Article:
And that was in partnership with their neighbours in Togo and Benin as well, who helped with that whole operation to understand the intelligence that led them to where these fishermen were, but then it was the unit that went out and did that was a Nigerian special operations unit that our Navy SEALs had trained a few years previously.


So, sometimes it’s not the immediate effect, it’s the effect that happens two or three years later as you combine these engagements that have a greater effect later on. I know that’s just one small example and it’s not directly against terrorism, but being able to engage in that maritime domain and to be able to understand what’s going on out there is critical, and that has been an engagement the U.S. has had over several years with Nigeria and those other coastal states in both the naval and the special operations forces.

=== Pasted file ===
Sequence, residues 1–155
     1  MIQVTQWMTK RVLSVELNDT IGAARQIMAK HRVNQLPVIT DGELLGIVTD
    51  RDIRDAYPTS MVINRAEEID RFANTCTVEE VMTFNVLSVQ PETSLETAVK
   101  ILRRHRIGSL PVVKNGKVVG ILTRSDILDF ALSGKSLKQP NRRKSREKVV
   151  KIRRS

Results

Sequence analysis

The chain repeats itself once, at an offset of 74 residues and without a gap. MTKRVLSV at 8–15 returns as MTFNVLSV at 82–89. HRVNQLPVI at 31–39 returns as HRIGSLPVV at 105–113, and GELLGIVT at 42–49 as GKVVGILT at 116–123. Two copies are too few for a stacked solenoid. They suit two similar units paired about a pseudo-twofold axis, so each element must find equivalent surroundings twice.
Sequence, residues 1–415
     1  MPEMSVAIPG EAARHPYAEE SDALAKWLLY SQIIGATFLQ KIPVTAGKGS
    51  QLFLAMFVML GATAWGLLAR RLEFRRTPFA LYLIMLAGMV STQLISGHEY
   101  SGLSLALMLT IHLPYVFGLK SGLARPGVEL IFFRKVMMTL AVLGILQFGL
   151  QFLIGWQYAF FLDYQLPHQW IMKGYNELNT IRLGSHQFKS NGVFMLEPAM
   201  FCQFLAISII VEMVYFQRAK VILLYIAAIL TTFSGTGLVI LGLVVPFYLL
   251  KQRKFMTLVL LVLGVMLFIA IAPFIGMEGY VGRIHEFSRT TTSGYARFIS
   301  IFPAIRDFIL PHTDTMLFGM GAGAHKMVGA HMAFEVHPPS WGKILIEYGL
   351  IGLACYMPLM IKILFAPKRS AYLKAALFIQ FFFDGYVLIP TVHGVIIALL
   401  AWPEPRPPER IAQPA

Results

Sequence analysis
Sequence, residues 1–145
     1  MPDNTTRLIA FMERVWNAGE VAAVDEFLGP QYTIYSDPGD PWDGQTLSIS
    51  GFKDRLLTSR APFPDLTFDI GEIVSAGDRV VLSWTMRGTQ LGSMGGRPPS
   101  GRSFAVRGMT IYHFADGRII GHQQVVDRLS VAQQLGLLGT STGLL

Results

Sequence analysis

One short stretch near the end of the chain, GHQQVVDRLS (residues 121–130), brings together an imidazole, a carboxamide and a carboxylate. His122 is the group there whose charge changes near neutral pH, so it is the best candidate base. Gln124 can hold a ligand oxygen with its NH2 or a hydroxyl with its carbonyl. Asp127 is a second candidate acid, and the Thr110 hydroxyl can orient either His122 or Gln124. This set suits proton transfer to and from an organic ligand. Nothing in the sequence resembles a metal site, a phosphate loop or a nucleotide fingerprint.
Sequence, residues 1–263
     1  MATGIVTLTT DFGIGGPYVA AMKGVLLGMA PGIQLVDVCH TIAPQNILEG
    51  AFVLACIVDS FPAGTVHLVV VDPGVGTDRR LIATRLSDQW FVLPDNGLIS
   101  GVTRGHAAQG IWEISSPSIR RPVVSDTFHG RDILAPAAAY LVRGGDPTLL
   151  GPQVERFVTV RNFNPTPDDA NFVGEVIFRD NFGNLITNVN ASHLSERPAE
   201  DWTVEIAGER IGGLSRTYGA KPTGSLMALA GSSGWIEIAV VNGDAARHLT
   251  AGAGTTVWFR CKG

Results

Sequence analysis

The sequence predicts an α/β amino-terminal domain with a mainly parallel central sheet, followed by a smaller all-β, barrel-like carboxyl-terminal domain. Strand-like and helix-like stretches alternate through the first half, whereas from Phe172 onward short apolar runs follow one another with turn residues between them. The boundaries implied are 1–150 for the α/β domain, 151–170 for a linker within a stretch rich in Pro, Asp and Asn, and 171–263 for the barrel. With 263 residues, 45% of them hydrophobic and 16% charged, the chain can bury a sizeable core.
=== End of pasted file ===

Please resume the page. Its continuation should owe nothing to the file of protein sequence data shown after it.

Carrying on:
More directly to his point, we have engaged with Nigeria and continue to engage with them in intel sharing and in understanding what these violent extremists are doing, and that has been absolutely critical to their engagements up in the Borno State and into an emerging area of northwest Nigeria that we’re seeing al-Qaida starting to make some inroads in.


This intelligence sharing is absolutely vital and we stay fully engaged with the government of Nigeria to provide them an understanding of what these terrorists are doing, what Boko Haram is doing, what ISIS-West Africa is doing, and how ISIS and al-Qaida are looking to expand further south into the littoral areas.